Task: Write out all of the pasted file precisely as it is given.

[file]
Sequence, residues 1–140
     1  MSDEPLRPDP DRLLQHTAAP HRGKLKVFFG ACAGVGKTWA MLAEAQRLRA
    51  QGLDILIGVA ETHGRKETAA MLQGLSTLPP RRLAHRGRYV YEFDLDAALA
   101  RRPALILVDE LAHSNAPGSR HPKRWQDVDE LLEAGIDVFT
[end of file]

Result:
Sequence, residues 1–140
     1  MSDEPLRPDP DRLLQHTAAP HRGKLKVFFG ACAGVGKTWA MLAEAQRLRA
    51  QGLDILIGVA ETHGRKETAA MLQGLSTLPP RRLAHRGRYV YEFDLDAALA
   101  RRPALILVDE LAHSNAPGSR HPKRWQDVDE LLEAGIDVFT